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Supreme Court takes up a divisive issue: Should tech companies have immunity over problematic user content?

The family of Nohemi Gonzalez, who was killed in the 2015 Paris terrorist attacks, claims YouTube helped aid and abet the spread of violent Islamic ideology.

The Supreme Court on Monday stepped into the politically divisive issue of whether tech companies should have immunity over problematic content posted by users, agreeing to hear a case alleging that YouTube helped aid and abet the killing of an American woman in the 2015 Islamic State terrorist attacks in Paris.

The family of Nohemi Gonzalez, one of 130 people killed in a series of linked attacks carried out by the militant Muslim group, commonly known as ISIS, argued that YouTube’s active role in recommending videos overcomes the liability shield for internet companies that Congress imposed in 1996 as part of the Communications Decency Act.

Nohemi Gonzalez.
Nohemi Gonzalez.Cal State via Facebook

The provision, Section 230 of the act, says internet companies are not liable for content users post. It has come under heavy scrutiny from the right and the left in recent years, with conservatives claiming that companies are inappropriately censoring content and liberals saying social media companies are spreading dangerous right-wing rhetoric. The provision leaves it to companies to decide whether certain content should be removed and does not require them to be politically neutral.

The stakes could be enormous, because recommendations are now the norm for online services, not just YouTube. Apps such as Instagram, TikTok, Facebook and Twitter long ago began to rely on recommendation engines or algorithms to decide what people see most of the time, rather than emphasize chronological feeds.

NetChoice, a trade group for tech corporations, said the industry needs as much flexibility as possible to decide what to take down or leave up.

“Without moderation, the internet will become a content cesspool, filled with vile content of all sorts, and making it easier for things like terrorist recruitment,” NetChoice counsel Chris Marchese said.

In a separate move, the court said Monday it would hear a related appeal brought by Twitter about whether the company can be liable under a federal law called the Anti-Terrorism Act, which allows people to sue people or entities who “aid and abet” terrorist acts. The same appeals court that handled the Gonzalez case revived claims brought by relatives of Nawras Alassaf, a Jordanian citizen killed in an Islamist attack in Istanbul in 2017, who accused Twitter, Google and Facebook of aiding and abetting the spread of militant Islamic ideology, which the companies deny. The question of Section 230 immunity has not yet been addressed in that case.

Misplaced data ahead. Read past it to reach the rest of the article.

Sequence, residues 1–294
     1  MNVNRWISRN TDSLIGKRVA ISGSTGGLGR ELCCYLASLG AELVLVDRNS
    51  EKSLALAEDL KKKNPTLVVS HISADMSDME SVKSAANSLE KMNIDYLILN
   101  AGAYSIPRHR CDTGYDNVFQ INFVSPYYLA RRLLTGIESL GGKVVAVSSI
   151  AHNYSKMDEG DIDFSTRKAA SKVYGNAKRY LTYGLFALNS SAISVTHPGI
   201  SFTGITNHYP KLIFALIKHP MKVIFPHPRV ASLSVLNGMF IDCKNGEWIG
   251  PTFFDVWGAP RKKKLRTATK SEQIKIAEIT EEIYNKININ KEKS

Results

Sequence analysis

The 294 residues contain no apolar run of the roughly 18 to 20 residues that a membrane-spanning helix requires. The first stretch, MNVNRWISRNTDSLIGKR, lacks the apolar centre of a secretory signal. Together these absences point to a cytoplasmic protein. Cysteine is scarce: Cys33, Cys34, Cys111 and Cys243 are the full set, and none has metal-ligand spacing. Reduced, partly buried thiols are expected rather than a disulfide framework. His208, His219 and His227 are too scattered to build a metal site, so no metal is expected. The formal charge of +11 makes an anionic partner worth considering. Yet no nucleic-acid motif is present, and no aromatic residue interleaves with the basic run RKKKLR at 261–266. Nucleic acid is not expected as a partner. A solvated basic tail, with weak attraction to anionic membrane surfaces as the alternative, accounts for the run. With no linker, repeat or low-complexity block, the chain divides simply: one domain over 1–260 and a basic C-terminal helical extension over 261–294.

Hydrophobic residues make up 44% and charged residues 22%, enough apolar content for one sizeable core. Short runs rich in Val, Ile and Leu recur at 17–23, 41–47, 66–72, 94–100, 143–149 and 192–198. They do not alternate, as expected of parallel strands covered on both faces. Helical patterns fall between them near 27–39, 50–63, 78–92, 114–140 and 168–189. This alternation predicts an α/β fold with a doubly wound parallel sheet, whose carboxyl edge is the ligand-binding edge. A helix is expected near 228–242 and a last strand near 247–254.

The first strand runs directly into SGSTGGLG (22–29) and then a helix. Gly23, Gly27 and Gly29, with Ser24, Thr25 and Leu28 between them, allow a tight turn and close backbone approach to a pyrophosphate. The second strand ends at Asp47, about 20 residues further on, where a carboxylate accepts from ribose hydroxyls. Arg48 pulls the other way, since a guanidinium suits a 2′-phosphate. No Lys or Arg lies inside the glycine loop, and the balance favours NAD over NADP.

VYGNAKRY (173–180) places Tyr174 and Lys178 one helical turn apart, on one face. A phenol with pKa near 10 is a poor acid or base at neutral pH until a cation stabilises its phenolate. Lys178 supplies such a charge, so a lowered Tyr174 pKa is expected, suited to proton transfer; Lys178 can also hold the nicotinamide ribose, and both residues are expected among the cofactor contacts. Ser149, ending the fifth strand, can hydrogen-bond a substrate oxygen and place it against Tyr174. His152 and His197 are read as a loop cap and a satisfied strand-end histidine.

Twitter’s lawyers said in court papers that the company provides “generic, widely available services to billions of users who allegedly included some supporters of ISIS” and that it has regularly enforced policies preventing terrorists from using its services. The ruling in the Twitter matter will also affect the claims against Facebook and Google in the same case.

Gonzalez was a 23-year-old college student studying in France when she was killed while dining at a restaurant during the wave of attacks, which also targeted the Bataclan concert hall.

Her family is seeking to sue Google-owned YouTube, alleging it allowed ISIS to spread its message. The lawsuit targets YouTube’s use of algorithms to suggest videos for users based on content they have previously viewed. YouTube’s active role goes beyond the kind of conduct Congress intended to protect with Section 230, the family’s lawyers allege. They say in court papers that the company “knowingly permitted ISIS to post on YouTube hundreds of radicalizing videos inciting violence” that helped it recruit supporters, some of whom then conducted terrorist attacks. YouTube’s video recommendations were key to helping spread ISIS’ message, the lawyers say. The plaintiffs do not allege that YouTube had any direct role in the killing.

Gonzalez’s relatives, who filed their 2016 lawsuit in federal court in Northern California, hope to pursue claims that YouTube violated the Anti-Terrorism Act. A federal judge dismissed the lawsuit, but it was revived by the San Francisco-based 9th U.S. Circuit Court of Appeals in a June 2021 decision that also resolved similar cases the families of other terrorist attack victims had brought against tech companies.

Google’s lawyers urged the court not to hear the Gonzalez case, saying in part that the lawsuit would be likely to fail whether or not Section 230 applies.

The Supreme Court has previously declined to take up cases about Section 230. Conservative Justice Clarence Thomas has criticized it, citing tech giants’ market power and influence.

Another related issue likely to head to the Supreme Court concerns a law Republicans enacted in Texas that seeks to prevent social media companies from barring users who make inflammatory political comments. On Sept. 16, a federal appeals court upheld the law, which the Supreme Court prevented in May from going into effect.